Youth Series Part 1: Post pandemic shift in learning

Welcome to our series on today’s youth (Gen Z, principally) and how they consume media. Over the course of these articles, we’ll look at their attitudes and needs following the pandemic, some country-specific opportunities for marketers, and channels that we think shouldn’t be overlooked. 

For well over a decade now, we’ve been working to reach, impact, empower and engage youth audiences. This is part and parcel of our role in higher education, but it’s equally important across every sector on the planet. 

The truth is: we’re excited by the potential of young people in the current generation. Sure, their world is fast-moving, busy and sometimes confusing, but they are the people with the key to our future. For this reason, we take genuine pride in getting to know our audience. It’s a matter of great importance. 

Equipped with this knowledge, we work hand-in-hand with our clients to develop campaigns, creative content, and messaging that speaks to the needs of young people. 


PART 1: Post-pandemic shift

Whilst we’re nearing the other side of this seismic disruption, anxiety among the younger generation has gone through the roof — and understandably so. The pandemic arrived amidst, and undoubtedly propelled, a relative mental health crisis, one that has been felt especially hard by Gen Z. Prompted by societal pressures, the costs of living and studying, social media, and more, they have begun to question traditional school leaver journeys. So, after a fragmented and fractious last few years, what are young people after?

After speaking to dozens of students, we know there are two things they want most: freedom and a chance to be themselves.They also want greater flexibility, support, assurance and genuine value for the decisions they make the next steps they take in life. 

Over the last 18 months, we’ve conducted over 50 student/prospective student surveys, focus groups and interviews to ask students what they need most in helping them decide what to do next.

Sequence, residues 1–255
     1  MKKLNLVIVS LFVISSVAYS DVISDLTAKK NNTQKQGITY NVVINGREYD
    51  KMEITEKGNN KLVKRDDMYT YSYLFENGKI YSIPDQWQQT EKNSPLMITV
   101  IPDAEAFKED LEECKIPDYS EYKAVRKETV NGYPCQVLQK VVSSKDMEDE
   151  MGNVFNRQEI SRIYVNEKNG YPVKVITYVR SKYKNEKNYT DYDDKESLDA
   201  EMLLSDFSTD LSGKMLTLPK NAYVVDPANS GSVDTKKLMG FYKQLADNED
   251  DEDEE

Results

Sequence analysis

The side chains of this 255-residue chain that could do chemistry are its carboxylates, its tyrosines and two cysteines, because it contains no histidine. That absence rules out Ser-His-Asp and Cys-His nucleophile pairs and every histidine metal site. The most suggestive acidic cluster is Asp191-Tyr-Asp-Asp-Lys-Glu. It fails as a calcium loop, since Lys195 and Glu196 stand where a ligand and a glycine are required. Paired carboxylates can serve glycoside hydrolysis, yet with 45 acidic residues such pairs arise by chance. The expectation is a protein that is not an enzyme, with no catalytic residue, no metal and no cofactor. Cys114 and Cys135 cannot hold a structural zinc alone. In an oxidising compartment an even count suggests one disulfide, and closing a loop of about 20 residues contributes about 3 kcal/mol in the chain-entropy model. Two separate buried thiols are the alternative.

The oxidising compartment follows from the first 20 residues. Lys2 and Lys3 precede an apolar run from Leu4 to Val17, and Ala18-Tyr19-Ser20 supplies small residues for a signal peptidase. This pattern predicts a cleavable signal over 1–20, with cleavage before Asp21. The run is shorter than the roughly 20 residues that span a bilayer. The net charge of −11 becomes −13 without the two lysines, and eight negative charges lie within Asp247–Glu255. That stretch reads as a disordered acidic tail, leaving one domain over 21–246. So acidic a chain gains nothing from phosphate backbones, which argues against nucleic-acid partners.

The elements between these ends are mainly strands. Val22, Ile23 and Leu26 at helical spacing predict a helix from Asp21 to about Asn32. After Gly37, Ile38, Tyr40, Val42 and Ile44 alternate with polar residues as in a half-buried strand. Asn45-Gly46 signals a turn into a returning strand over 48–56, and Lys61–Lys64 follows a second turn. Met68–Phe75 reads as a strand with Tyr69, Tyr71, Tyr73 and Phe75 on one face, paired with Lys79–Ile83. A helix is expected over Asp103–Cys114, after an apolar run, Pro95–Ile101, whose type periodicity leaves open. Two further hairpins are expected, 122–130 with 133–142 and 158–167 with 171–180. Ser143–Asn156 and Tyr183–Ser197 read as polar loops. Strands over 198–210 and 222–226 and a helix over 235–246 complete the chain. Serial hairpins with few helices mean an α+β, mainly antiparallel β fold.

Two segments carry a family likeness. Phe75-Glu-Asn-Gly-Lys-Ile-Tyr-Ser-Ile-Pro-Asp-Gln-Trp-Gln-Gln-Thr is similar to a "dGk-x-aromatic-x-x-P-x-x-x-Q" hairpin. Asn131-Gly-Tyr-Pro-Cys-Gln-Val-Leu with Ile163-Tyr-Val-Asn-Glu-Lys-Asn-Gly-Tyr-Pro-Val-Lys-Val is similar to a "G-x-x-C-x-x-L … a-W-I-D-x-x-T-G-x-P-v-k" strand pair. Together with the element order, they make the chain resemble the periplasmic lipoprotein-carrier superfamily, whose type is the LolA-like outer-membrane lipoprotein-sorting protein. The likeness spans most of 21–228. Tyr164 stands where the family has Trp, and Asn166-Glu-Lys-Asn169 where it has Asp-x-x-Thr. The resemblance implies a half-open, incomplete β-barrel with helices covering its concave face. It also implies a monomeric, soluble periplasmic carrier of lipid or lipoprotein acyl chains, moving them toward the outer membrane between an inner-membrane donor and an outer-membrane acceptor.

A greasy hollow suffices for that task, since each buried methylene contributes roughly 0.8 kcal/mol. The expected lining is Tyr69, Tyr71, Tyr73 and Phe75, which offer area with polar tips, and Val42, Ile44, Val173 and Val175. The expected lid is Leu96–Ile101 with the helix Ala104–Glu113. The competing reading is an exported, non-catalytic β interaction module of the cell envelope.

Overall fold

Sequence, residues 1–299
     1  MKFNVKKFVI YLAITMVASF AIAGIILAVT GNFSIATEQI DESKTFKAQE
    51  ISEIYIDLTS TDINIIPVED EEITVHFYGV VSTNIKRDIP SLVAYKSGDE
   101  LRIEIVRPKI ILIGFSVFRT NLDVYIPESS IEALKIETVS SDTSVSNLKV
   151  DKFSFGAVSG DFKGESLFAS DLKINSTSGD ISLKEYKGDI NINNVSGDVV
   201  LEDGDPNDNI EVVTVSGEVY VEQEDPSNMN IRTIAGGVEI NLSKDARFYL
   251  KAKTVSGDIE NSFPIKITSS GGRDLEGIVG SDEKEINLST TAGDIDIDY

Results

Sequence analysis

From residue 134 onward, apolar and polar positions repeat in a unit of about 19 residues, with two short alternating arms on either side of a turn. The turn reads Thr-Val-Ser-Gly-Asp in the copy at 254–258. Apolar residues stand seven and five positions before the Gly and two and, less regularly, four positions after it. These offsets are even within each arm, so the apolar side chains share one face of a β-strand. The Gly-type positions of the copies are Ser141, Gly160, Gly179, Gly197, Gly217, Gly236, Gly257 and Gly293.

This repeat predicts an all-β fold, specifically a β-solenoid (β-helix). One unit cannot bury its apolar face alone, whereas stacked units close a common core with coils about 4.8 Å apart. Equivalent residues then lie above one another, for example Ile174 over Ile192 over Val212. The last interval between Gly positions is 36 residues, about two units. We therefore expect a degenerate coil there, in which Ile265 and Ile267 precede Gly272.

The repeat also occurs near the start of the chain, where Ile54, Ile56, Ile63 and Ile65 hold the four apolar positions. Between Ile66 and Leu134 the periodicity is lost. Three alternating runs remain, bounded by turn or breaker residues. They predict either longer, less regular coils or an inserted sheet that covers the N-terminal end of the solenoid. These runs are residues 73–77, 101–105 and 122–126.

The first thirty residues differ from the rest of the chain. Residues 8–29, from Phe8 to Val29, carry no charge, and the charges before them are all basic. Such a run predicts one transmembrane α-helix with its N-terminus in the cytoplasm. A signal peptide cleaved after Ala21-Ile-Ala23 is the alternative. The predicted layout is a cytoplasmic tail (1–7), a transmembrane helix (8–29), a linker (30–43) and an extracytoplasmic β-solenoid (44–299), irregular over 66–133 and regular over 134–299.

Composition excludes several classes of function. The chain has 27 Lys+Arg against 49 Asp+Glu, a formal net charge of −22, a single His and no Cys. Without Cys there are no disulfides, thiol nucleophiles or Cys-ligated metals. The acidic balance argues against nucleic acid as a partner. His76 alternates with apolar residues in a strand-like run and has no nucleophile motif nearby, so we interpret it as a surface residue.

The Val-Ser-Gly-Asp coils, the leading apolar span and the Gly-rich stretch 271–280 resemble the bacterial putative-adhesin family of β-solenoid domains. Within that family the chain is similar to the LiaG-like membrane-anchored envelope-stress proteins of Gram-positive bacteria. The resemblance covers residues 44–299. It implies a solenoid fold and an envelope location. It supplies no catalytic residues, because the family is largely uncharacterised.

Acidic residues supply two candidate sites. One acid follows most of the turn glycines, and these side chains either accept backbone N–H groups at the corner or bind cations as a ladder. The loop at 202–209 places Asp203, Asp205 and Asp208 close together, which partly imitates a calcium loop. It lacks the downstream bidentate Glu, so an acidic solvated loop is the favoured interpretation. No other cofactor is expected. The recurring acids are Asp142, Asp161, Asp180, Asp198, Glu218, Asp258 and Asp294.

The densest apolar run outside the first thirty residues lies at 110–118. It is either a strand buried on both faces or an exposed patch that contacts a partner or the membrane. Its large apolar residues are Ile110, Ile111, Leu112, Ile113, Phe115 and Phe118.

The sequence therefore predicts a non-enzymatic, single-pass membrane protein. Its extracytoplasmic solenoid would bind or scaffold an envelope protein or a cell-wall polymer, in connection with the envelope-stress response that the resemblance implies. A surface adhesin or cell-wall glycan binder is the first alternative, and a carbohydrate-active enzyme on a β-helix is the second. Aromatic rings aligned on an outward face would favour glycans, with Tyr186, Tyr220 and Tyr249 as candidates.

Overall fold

Though drivers differ in every individual, we’ve distilled our findings into the following key appeals of university: 

  • The chance to meet new people, in-person, properly
  • Mental health support
  • Guidance on finances — transparency over scholarship opportunities are a big plus
  • Small class sizes — face time with experts that truly care
  • Genuine experience opportunities, whether that’s a year placement, a term placement, or even just industry networking events. The world of work is changing too; universities need to change with it 
  • The chance to explore other interests as well as your core degree.

To have success in the current youth engagement and recruitment landscape, it’s important that these things are shining through as key parts of your holistic proposition. 

If not — it’s not back to the drawing board, but you will need a platform from which to grow. 

Gauging brand perceptions is absolutely key at this juncture because things have moved on. What worked in Q1 of 2020 will no longer fly in 2022 and beyond.

We’re helping lots of clients to understand how they’re picked up and perceived. We do this through in-depth social listening, brand tracking and uplift studies, all linked to a clear dashboard. This not only gives us the impetus to get to work on your proposition, but helps us monitor its progress along the way. 

Another thing is the increasing emergence — and importance — of measurable Diversity, Equity & Inclusion (DEI) initiatives. It’s not enough to talk the talk. Are your feet on the ground? Are you actively recruiting those from under-represented backgrounds, and inspiring them to achieve what they didn’t think was possible? 

We’ve run Widening Participation campaigns and consulted a number of DEI factors to target non-traditional students. It’s all about empowering them with relevant, timely content, talking directly to their needs and, often, their concerns. 

Have you noticed any other trends in the youth market recently? We’d love to hear from you.